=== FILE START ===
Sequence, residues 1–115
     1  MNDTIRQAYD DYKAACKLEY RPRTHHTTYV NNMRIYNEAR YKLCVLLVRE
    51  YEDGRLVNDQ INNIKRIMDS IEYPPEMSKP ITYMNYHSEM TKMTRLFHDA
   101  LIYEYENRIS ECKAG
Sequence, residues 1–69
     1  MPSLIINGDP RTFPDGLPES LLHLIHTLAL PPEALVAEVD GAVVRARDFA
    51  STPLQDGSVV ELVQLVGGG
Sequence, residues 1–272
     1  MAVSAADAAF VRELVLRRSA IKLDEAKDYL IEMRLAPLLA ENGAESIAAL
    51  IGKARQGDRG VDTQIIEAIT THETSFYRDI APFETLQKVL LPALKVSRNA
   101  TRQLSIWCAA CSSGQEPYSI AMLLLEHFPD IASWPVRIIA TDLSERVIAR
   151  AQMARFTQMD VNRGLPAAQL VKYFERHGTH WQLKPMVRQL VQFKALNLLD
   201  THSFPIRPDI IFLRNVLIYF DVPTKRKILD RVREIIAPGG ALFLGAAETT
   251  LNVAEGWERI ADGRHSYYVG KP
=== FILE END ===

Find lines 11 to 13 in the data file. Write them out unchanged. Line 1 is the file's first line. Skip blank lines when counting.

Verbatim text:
   101  TRQLSIWCAA CSSGQEPYSI AMLLLEHFPD IASWPVRIIA TDLSERVIAR
   151  AQMARFTQMD VNRGLPAAQL VKYFERHGTH WQLKPMVRQL VQFKALNLLD
   201  THSFPIRPDI IFLRNVLIYF DVPTKRKILD RVREIIAPGG ALFLGAAETT